TAMPA — A code overhaul that would force developers to build more sidewalks or require them to pay the city to do so advanced Thursday by a 6-1 vote.
At issue: Tampa has 1,300 miles of streets without sidewalks on both sides. That’s 54 miles longer than a car drive between Florida’s third-largest city and Kansas City, Mo.
But the ordinance, which would eliminate a variety of ways for home builders to skip requirements to put in a sidewalk, faced questions from three council members: Chairman Orlando Gudes, Charlie Miranda and Joseph Citro.
They all signaled that their final vote on Dec. 2 will rely on more information and possible changes, including Miranda’s call for an investigation into how the city’s sidewalk trust fund has been managed and how money has been spent.
As it stands now, their votes may not matter. Four council members currently support the ordinance as it is: Luis Viera, Bill Carlson, Guido Maniscalco and its champion, John Dingfelder.
Still, the margin is now narrower for the overhaul to the city’s sidewalk policy, backed publicly by Mayor Jane Castor this week in a news conference in West Tampa. It’s been part of a years-long quest from activist groups like WalkBike Tampa and the Sidewalk Stompers.
Dingfelder said the changes, pushed for by advocates, were “long overdue.”
City code was changed about a decade ago, which created a “big loophole,” according to Dingfelder. Closing that loophole could raise up to $1 million a year for the city in revenue, he said.
City officials don’t “own” that figure, said Vik Bhide, the city’s mobility director. But there is no doubt that the city needs to start building more sidewalks, he said. Developers say revenue lost to exemptions is less than half that of the figure cited by WalkBike Tampa researchers.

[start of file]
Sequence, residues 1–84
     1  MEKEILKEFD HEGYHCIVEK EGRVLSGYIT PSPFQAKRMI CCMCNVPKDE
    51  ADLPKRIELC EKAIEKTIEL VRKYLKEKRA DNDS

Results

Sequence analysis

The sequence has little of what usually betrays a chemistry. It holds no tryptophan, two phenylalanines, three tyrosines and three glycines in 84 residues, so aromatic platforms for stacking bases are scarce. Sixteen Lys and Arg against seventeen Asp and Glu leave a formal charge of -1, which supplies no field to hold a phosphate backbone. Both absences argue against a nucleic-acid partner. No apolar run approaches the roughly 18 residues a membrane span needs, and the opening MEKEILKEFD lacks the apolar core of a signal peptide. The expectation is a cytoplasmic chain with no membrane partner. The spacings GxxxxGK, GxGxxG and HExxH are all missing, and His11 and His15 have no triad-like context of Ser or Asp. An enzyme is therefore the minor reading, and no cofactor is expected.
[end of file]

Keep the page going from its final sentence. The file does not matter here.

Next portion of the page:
Jennifer Motsinger, executive vice president for the Tampa Bay Builders Association, asked council members to delay consideration of the ordinance for a month so that the measure can get “a little bit of tweaking.” She argued that council members didn’t want to saddle homeowners with unintended costs when they renovated their homes.
Her argument failed to persuade council members. Maniscalco noted that city code only required sidewalks for major renovations that exceed half the assessed value of a home, not minor projects like a bathroom or kitchen remodel.
And the current cost for a sidewalk, even if raised to $75 per linear foot as Castor has said is necessary, is several thousand dollars, a tiny portion of new homes that often list for $400,000 up to $1 million, Dingfelder said.
“We’re way behind,” Maniscalco said. “Now we’re playing catch up.”
The city shouldn’t be using the trust fund to repair sidewalks, just to build new ones, Miranda said. Nor has the city provided a transparent accounting of where trust fund money has been spent, he said. And he called for the city to figure out if builders received any improper exemptions.
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Miranda was the only no vote Thursday.
“It’s not being done right,” Miranda said.
His concerns were echoed in part by Gudes and Citro, who said they wanted more attention paid by city staff to the builder’s concerns.
“I’m hoping for common ground,” Citro said.
WalkBike Tampa president Janet Scherberger thanked council members for taking up the issue, which has been percolating for three years.
It’s time to vote, she urged council members. And they did.